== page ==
Community facilities and housing scheme in Somers Town is a regenerative, transformative intervention that brings much needed homes and active space to an overcrowded corner of inner London
‘Somers Town is an outdoor museum of social housing,’ explains architect Adam Khan architect of the Stirling Prize shortlisted Central Somers Town Community Facilities and Housing. ‘The area hasn’t gentrified. It’s mixed, with lots of children. It suffers from overcrowding; not enough balconies and outdoor space for the many flats. People don’t want to let their kids play on the street. In the 1920s, the area was a focus for Jeffrey Jellicoe – a missionary priest, reformer and a pub landlord – who set up here to pioneer social housing. He coined the phrase: “Housing is not enough. You need social infrastructure”.’
Jellicoe’s work expanded into all fields – including rooftop playgrounds for nursery schools and artwork for housing projects. This approach or motto has also been a driving force behind Khan’s project Central Somers Town Community Facility and Housing. It is the practice’s second scheme in the area, which comprises the often-forgotten block of streets between St Pancras and Euston stations to the east and west, Euston Road to the south and Camden to the north. It’s densely populated, yet can be eerily quiet at times for such an inner London location.
Khan’s first project in Somers Town was the New Horizon Youth Centre, a dramatic copper roofed gem-like building that completed in 2012 and is attached to one of the original London County Council housing schemes, the Ossulston Estate along Chalton Street. Central Somers Town Community Facilities and Housing, however, is a bold and comprehensive set of standalone buildings.
It includes a redesigned children’s adventure play centre called Plot 10 that has been running in since the 1970s, a social enterprise facility and 10 apartments for social rent. It is part of the London Borough of Camden’s regeneration programme to revitalise and refocus the centre of the district to improve wellbeing, quality of life, inequalities, safety and housing provision.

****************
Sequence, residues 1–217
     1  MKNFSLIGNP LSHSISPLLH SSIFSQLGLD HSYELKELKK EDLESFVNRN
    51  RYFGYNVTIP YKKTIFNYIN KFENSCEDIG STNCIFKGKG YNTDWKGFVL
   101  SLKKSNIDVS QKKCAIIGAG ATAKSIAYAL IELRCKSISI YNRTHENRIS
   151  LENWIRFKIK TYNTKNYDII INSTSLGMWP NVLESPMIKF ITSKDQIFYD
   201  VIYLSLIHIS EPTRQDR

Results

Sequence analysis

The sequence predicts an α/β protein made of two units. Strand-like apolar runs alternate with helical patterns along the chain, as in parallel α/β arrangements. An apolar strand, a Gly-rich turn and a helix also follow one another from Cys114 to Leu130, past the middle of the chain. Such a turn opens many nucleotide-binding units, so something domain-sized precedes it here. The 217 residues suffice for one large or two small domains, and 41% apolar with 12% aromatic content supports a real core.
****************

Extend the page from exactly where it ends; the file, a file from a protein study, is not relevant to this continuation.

A guiding principle for the masterplan was to lose no open space. The community facility and housing sit on the side of the Plot 10 adventure playground, along the northern edge of a green public square, which it shares with Hayhurst and Co’s Edith Neville Primary School (also a RIBA National Award winner) on the eastern side.
This elevation on the park displays the site’s various programmes. To its west is a small footprint six storey housing tower that helped fund the whole redevelopment. It has two apartments per floor, each triple aspect with one view to the front park, side and back, meeting the council’s higher required levels of daylight. Balconies on the first three floors of apartments are recessed for privacy, whereas those on the upper two floors project generously into the tree canopy and are square, shaped like a room so that a table and chairs can be put out there.
At the ground floor, spilling into the void beside the tower, is the social enterprise space. This was originally designed for a nursery, but is occupied by Scene & Heard, a professional theatre company and dramatic arts charity for local children. Next to this is Plot 10’s building – a formidable upgrade from the log cabin it previously inhabited on the site.